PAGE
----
Two years ago, the phone rang here at my house. It was Jean, my surgeon’s nurse, calling to give me the results of the biopsy of the removed breast tissues and lymph nodes taken during my mastectomy.

No cancer. “The report is very, very, very good!” she had said, leaving the details for my surgeon to share with me. It’s impossible to put into words the sense of relief I felt. In a moment it was like I could breath again. No chemo.

After the relief came gratitude. I had been so fortunate along this road called cancer. No radiation. No chemo. Only a few lymph nodes removed – low risk of developing lympedema in my right arm.

I relished the calm that washed over me and the moments of celebration…

Chugging Train
By Vicki L. Flaherty

Finally, the train has stopped.
I’m clean — no cancer.
Nothing suspicious
That can be seen or detected.
At least for now…
It’s OK to celebrate this moment.

But, the engine was meant to move —
and so it begins again, chugging slowly forward.
At this juncture, there are questions
About prevention, recurrence.
What to do? How to live with the odds?
No conclusive answers.
The engine was meant to move —
and so it begins again, chugging slowly forward.

Navigating the course ahead
It’s up to me to decide:
Do I take the medication?
What tradeoff s, given the benefits and risks?
Choices, decisions — the signals along the journey.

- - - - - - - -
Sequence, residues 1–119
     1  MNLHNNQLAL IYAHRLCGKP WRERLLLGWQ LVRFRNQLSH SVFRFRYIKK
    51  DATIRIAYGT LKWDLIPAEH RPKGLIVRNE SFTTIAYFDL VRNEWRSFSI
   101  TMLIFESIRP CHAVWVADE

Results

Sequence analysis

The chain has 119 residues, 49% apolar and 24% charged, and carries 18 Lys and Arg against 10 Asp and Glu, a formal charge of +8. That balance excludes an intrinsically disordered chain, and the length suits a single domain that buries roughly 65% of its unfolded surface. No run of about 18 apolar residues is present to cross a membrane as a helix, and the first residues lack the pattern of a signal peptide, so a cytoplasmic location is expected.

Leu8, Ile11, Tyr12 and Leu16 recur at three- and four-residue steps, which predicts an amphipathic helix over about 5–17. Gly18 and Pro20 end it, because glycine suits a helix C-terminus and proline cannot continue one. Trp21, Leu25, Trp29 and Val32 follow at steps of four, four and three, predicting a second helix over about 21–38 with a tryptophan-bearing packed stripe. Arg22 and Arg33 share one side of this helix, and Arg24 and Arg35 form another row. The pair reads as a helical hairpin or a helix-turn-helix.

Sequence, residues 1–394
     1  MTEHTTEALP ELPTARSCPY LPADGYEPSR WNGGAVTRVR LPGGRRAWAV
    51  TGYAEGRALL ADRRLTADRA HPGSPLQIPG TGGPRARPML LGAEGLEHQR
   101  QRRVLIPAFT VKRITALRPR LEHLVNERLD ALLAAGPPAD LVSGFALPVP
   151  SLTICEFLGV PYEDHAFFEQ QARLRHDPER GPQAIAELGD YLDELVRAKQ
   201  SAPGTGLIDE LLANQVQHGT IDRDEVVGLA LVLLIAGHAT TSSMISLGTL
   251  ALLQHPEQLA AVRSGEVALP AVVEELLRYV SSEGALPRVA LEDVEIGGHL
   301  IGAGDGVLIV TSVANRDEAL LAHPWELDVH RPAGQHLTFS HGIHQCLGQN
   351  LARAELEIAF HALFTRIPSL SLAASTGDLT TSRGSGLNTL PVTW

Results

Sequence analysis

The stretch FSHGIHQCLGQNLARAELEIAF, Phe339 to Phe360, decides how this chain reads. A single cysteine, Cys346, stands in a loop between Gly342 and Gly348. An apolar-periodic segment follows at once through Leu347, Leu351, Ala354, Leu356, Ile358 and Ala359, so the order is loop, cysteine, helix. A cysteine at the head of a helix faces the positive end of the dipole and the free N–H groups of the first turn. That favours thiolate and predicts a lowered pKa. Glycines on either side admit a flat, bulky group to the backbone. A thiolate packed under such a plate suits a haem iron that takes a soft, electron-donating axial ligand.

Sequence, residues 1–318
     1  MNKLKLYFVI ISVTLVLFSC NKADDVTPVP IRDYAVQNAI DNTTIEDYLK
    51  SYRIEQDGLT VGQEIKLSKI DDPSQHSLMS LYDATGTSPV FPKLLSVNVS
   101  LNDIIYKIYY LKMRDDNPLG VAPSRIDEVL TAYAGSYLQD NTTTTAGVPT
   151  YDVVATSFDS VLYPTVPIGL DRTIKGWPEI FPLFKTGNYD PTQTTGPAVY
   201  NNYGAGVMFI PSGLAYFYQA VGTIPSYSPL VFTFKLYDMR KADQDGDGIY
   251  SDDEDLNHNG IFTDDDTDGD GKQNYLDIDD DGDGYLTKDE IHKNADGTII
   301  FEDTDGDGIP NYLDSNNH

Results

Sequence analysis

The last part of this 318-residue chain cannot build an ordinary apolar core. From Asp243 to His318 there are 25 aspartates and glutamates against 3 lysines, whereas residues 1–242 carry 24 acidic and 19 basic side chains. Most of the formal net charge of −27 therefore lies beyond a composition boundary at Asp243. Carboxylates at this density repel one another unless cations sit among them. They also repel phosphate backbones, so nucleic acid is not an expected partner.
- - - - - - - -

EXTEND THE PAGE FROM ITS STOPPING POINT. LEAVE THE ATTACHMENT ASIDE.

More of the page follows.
The engine was meant to move —
and so it begins again, chugging slowly forward.

A related post is Waiting Game.


About to leave the hospital after my mastectomy & reconstruction, 9/29/11

About to leave the hospital after my mastectomy & reconstruction, 9/29/11

Two years ago today, I left the University of Iowa hospital with a new right breast. I had my mastectomy on 9/28/11. I felt like one lucky girl, going home after a difficult overnight stay, with a new breast. You see, the original plan was for this to be the first of 2 surgeries: 1) removing the breast and putting in an ‘expander’ which stretches the skin for an implant, and 2) removing the expander and putting in the implant. But, I went home with the implant!

Jim and I had done our homework, and had asked my plastic surgeon about the ‘one surgery’ option. He was skeptical, lots of variables and usually not great results. However, given my mastectomy went well and I’m small breasted and was not obsessed with perfect symmetry, the surgeon thought putting in the implant with the mastectomy was a good option. Poor Jim, though…he was approached in the waiting room by the plastic surgeon as the oncologist was competing the mastectomy to decide what kind of implant!

We had not really spoken much about saline versus silicone since we thought I had months to decide.  Once I had said I like the feel of the silicone implants. It was that day when I had my ‘before’ photo taken and there were boxes of implants sitting in a corner of the room and I’d felt inclined to feel them.

So today I am celebrating my one-surgery journey and my return to great health, and all I’ve learned through my experience. I feel somewhat wiser, calmer, more connected with what’s important in life. My heart is singing!

Thought I’d share today’s poem because it will take you through those days 2 years ago…it’s a long one!  🙂

By Vicki L. Flaherty

Memories like a photo collage,
fleeting pictures in my mind’s eye
one image moves to the next.

At early morning light
stretching into yoga postures
and touching all of the prayers flowing my way.

Entering the hospital waiting room
so bright and sterile —
the reality taking hold.